Intro To Dating

I recently mapped out my potential future and decided that my life would be more meaningful if I had my own family. I could have all the oceanfront property I could ever want and spend my time sailing around the world, but what would be the point on my own? It seemed rather empty.

So, I joined okcupid and found a few matches. Then, I ran into a big problem: distance. I don’t want to limit myself to whoever happens to be nearby, but if my soulmate is in another timezone and she’s not looking for a long distance relationship with someone she’s never even met, which is perfectly reasonable, then that’s it, nothing happens, and I’m out of luck.

This is going to be tricky.

Everything else in my life seems straightforward, I just have to figure out what I want to do and acquire the capital to do it, easy. But relationships? It doesn’t help that I’m a heartless bastard with no romantic experience; or that my main interests are Netflix, reading, and finance; or that I don’t live in a major metropolitan area; but even if I was perfect, how is this supposed to work? It all seems so mystical and vague, it involves emotions and subtlety, it can’t be rushed and it can’t be delayed.

I think my expectations are part of the problem. I hoped to immediately find the one and get married a year later. After all, I’m 27 and trying to move on with my life. Easy right? Why do relationships need to be complicated? Spoken like someone with no experience.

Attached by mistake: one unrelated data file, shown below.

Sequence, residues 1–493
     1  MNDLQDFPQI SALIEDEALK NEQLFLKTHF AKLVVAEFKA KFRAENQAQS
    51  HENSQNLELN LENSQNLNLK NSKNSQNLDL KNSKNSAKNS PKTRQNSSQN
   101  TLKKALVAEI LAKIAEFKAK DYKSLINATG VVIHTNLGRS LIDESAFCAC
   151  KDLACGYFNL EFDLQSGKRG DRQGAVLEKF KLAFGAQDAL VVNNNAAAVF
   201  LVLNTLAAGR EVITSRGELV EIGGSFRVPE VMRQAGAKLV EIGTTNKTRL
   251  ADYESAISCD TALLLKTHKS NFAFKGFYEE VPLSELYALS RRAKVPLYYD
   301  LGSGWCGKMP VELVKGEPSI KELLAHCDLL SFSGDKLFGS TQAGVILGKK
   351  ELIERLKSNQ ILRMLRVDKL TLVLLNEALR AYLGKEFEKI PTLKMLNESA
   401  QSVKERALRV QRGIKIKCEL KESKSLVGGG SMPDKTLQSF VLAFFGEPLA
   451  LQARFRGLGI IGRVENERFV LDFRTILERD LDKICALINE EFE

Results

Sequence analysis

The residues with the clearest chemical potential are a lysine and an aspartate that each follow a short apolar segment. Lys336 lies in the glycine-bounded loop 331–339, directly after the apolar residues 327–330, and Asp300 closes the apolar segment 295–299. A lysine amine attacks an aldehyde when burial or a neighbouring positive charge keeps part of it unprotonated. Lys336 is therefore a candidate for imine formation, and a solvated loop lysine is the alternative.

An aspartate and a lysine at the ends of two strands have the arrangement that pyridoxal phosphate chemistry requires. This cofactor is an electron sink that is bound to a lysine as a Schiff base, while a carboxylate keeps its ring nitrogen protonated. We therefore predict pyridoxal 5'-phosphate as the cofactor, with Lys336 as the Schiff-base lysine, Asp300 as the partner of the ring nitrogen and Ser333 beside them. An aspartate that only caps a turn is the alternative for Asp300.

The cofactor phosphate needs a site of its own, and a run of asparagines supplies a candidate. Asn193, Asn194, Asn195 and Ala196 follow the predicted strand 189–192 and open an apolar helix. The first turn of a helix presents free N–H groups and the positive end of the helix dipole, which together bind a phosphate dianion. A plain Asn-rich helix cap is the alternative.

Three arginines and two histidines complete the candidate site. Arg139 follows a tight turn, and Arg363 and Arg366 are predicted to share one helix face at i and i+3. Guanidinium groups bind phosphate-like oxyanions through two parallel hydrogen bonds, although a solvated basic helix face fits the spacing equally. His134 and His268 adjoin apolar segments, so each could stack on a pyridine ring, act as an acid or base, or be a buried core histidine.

Of course I’m not giving up after just two weeks, that would be ridiculous. I’ll have to settle in and accept that this might be a longer and more arduous path than I had naively assumed. After all, I have the rest of my life ahead of me.

Intro To Dating


I see how people get stuck in a job or a place that they don’t really want to be in. Changing ones life is difficult, the more I plan and work on changing my life, the harder it gets. So many pieces have to fall into place, and it can take years of intense focus to make it happen.

Maintaining is easy. Well, not always easy, but certainly easier. To stay in this job because you know the office and you understand the work and you don’t want any instability and you’re getting a bit older and and and the excuses go on and on. To stay in this city or state or country because you have an established routine here, you know some people, you wave to the neighbors, you have a reserved parking spot, and maybe someday you’ll do something crazy, but someday never seems to arrive.

I understand. The more I plan and work toward my future life, the more I realize why most people don’t bother doing this sort of thing: it’s arduous. I’ll need a pile of money, a new job, a temporary place to stay, a new driver’s license, new plates on my car…and then I’ll need to actually buy a house, which has it’s own long list of issues and contingencies and hurdles.

But I think it’s worth it, I’d rather spend hundreds of hours working toward the life I want than spend that time idly hoping someone else would change my life for me.



I just paid off the last of my student loan debt and my ebullience knows no bounds. Part of me is concerned that there’s another forgotten loan out there, lurking in the dark, but after so long, I’m sure the lender would have tracked me down by now.

I graduated from the University of Maryland in May of 2011 with a BA in Criminology and Criminal Justice. The parchment, which is still rolled-up in the cardboard mailing tube buried in the basement somewhere, cost me approximately $70,000. I had to take out loans for everything. I also worked while in school, but that money paid for car insurance, fuel, and other living expenses. I kept costs low by not buying textbooks after freshman year.